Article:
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MADRID, Dec 17 (Reuters) - Sabadell appointed Cesar Gonzalez-Bueno as its chief executive on Thursday, handing the 60-year-old banker the task of leading the Spanish lender’s new strategy and digital drive.
Gonzalez-Bueno will replace Jaime Guardiola, who will remain until Sabadell gets approval for the new appointment, only weeks after the collapse of talks with BBVA to form Spain’s second-largest domestic lender in terms of assets.
This failure has piled pressure on Sabadell, with investors worried about the bank’s ability to handle on its own the expected pick-up in bad loans stemming from the COVID-19 crisis.
Gonzalez-Bueno has more than 23 years’ experience in senior banking positions, including almost three as CEO of ING Bank Spain and Portugal and will be tasked with improving Sabadell’s profits as European struggle with ultra low interest rates.
Gonzalez-Bueno will take part in the design and implementation of a new strategic plan to be unveiled in the first quarter of 2021, Sabadell said.
“I am looking forward to lead this process and, together, to unlock potential future value for our shareholders,” Gonzalez-Bueno said in a statement.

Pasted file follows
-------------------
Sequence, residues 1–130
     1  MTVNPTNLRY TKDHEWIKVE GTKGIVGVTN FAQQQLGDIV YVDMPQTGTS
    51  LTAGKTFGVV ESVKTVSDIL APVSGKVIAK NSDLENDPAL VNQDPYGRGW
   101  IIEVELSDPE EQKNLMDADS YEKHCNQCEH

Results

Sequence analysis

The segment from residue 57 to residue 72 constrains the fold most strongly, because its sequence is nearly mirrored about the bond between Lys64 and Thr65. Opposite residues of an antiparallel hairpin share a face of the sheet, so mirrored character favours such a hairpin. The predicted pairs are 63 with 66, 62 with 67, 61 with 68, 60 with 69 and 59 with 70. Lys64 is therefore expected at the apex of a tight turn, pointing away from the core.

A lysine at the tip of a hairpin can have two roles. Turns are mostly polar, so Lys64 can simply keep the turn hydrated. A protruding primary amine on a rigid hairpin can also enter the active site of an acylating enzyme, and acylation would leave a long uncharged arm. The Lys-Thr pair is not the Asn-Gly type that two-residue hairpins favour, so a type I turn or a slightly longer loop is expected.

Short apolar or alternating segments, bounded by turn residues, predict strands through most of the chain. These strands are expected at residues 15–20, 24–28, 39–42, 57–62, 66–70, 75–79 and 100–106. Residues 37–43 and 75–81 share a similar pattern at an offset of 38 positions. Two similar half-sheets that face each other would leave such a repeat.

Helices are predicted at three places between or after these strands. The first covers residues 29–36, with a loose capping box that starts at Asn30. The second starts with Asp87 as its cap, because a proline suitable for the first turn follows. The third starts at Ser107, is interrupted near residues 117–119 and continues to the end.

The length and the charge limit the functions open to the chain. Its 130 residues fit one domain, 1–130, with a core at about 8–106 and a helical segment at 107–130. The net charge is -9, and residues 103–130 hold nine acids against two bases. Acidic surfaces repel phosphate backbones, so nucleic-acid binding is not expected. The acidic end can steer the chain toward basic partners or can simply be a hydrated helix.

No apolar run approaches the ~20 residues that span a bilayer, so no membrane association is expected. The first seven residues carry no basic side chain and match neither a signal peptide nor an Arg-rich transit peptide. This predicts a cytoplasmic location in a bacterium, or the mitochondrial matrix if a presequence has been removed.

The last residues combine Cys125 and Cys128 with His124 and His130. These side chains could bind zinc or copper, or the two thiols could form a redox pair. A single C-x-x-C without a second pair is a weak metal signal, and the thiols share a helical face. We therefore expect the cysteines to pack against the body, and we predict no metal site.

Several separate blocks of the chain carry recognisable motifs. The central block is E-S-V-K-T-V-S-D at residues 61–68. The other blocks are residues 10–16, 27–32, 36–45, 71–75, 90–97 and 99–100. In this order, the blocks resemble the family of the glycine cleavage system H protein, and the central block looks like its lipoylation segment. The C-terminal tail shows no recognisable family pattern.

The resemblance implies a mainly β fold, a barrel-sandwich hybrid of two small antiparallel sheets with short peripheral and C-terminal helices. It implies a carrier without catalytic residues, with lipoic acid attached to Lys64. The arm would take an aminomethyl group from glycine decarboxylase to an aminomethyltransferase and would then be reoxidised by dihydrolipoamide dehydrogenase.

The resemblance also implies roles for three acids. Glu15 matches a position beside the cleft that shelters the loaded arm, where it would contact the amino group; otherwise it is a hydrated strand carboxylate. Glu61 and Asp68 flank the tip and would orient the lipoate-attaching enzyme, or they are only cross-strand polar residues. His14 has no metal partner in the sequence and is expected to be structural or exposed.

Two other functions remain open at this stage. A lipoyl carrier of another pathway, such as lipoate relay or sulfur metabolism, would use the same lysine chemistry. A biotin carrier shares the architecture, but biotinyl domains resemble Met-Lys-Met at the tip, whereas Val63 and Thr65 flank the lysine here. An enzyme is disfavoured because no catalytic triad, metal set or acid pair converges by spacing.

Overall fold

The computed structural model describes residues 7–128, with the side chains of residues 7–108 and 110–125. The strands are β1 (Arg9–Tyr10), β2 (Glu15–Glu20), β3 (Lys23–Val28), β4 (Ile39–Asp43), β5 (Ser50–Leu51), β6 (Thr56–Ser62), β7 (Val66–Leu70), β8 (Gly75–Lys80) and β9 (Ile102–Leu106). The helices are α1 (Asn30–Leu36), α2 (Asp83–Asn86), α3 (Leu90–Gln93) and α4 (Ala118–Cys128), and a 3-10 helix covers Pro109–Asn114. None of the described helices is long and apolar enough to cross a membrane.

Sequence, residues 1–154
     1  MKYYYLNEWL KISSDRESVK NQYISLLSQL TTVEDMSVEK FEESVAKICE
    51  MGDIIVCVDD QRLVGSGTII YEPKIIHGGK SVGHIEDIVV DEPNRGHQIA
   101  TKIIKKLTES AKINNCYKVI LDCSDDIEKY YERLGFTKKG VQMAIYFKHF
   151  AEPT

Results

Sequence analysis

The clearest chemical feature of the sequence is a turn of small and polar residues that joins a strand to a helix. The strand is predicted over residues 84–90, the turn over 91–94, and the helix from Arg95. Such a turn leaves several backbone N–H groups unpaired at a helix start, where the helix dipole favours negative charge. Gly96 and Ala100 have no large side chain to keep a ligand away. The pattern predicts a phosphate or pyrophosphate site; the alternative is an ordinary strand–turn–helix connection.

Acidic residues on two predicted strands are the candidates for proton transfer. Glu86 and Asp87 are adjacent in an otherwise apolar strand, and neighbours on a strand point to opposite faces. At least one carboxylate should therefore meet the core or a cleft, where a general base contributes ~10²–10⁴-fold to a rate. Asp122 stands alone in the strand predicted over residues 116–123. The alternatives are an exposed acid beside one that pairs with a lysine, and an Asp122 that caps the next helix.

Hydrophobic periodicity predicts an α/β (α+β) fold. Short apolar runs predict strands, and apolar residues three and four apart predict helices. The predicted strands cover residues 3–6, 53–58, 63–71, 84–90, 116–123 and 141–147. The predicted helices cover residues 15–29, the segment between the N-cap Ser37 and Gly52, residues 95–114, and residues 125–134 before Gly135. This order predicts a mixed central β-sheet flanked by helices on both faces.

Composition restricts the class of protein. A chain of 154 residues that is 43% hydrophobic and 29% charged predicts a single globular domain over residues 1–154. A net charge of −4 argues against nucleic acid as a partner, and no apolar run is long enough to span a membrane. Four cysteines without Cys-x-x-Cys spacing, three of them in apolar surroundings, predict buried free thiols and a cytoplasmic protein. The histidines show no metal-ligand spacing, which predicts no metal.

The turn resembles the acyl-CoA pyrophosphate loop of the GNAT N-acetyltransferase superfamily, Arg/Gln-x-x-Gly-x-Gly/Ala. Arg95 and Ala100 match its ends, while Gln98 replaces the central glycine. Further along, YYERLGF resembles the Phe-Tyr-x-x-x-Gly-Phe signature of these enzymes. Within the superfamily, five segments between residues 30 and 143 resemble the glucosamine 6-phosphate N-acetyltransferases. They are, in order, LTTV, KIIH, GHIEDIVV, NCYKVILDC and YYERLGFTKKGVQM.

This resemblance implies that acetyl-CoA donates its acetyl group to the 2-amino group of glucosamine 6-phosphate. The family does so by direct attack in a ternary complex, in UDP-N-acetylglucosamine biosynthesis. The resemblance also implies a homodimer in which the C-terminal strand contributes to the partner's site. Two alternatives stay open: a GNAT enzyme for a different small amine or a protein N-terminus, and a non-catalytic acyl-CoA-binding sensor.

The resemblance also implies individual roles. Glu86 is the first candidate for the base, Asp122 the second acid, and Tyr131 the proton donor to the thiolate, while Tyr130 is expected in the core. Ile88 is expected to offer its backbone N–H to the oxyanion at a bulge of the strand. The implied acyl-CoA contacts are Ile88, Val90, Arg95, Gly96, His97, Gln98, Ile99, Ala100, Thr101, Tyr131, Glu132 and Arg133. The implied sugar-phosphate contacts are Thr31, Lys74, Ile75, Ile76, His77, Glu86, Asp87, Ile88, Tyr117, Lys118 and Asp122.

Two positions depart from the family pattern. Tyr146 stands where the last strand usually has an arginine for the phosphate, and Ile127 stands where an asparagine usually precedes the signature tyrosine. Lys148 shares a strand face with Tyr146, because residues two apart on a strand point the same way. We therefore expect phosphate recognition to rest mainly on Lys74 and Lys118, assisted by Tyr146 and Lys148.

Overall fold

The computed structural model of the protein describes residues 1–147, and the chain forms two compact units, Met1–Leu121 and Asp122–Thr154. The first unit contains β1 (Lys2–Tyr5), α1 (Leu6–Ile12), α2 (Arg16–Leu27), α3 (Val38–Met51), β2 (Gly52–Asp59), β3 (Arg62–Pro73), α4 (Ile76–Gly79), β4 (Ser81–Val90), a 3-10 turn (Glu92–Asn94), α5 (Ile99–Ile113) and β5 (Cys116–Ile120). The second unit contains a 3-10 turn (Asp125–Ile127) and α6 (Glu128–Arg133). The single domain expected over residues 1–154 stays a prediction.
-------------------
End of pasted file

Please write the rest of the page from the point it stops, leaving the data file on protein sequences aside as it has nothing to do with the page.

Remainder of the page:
He was most recently Chairman of the Advisory Board of ING Bank Spain and Portugal and in March become non-executive director at Sabadell’s loss-making British bank TSB.
Josep Oliu, 71, will remain Chairman of Sabadell but without executive responsibilities, as was already planned to comply with corporate governance practices, a source with knowledge of the matter said. Sabadell declined to comment on this.
Guardiola, 63, who has been CEO since September 2007, will remain at the bank as Chairman of Banco Sabadell Mexico.
Major IT glitches at TSB more than two years ago and uncertainty over Brexit have overshadowed Sabadell’s expansion and the bank is now looking to sell the British business.
Gonzalez-Bueno is also expected to lead the sale of TSB and refocus Sabadell on its core small and mid-sized business in Spain, analysts have said.
Spanish investment firm Alantra said his appointment was positive for Sabadell, but added that “restoring market credibility will be a long and winding process”.
Since announcing the 1.7 billion pound ($2.3 billion) TSB buy in March 2015, Sabadell’s shares have fallen around 80%.
Its shares closed down 2.45% at 0.3615 euros on Thursday. (Reporting by Jesús Aguado; Editing by Ingrid Melander and Alexander Smith)